A mitral valve prolapse syndrome (MVPS) patient is very aware of his/her heart beats. Of the many MVPS symptoms, a variety of chest pain is one most frightening to the patient.
Palpitations caused by MVPS are harmless. They can feel as though the heart skipped a beat, like the heart flipped back and forth, or fluttered. Patients describe them in varied forms. To avoid these, drink enough water. A good equation is to drink the number of ounces of water equal to the outside temperature degrees. In other words, if it’s 70 degrees outside, drink 70 ounces of water. Other fluids besides water can be counted, but not stimulants or alcohol. Water is the best fluid.
Tachycardia is a sudden rapid heart rate. These frighten a patient. The patient can lie down with his/her head and upper chest elevated so the patient is not completely supine. If the heart rate does not return to its normal rate within thirty minutes, a doctor should be consulted. Stimulants, such as caffeine and chocolate, should be eliminated for they can cause tachycardia.
Premature ventricular contractions (PVCs) are another form of chest pain common to MVPS. They feel like a hard or skipped beat. As though the heart beats, beats, beats . . . Bam! Then the heart returns to normal. Or it might continue in that rhythm for a few minutes. Again, fluids will help this. Also, lying down might console the patient until the PVCs are gone, though exercise is the best treatment for MVPS.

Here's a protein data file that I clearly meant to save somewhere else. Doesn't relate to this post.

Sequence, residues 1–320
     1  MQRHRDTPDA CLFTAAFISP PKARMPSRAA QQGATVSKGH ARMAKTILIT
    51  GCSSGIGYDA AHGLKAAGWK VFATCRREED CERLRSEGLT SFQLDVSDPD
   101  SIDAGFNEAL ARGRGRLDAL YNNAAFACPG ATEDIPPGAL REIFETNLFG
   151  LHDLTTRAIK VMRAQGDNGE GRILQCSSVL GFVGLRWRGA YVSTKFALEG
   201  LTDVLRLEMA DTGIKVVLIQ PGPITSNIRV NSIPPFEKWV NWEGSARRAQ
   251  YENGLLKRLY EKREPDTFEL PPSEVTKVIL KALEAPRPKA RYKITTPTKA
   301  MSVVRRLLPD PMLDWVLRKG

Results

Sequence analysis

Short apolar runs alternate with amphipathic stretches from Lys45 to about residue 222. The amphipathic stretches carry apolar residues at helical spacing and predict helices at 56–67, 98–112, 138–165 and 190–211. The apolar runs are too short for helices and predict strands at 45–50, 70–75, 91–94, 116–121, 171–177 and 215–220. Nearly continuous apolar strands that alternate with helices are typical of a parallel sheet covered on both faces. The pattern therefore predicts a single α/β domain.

ACUTE CHEST PAIN:
Some patients report acute chest pain such a sword shoved through the heart. These severe pains, if they come often, will need the help of a beta blocker to prevent the pain from coming through. The patient needs to consult a cardiologist or his primary care doctor for advice about this medicine. But do not take a calcium channel blocker. These have caused multiple other problems for the body.
When the heart is in physical pain, a person is fearful and confused. Yet, if the patient knows what chest pains are associated with MVPS, the person can know that all is well and how to control those pains.
©2008 Carol Hegberg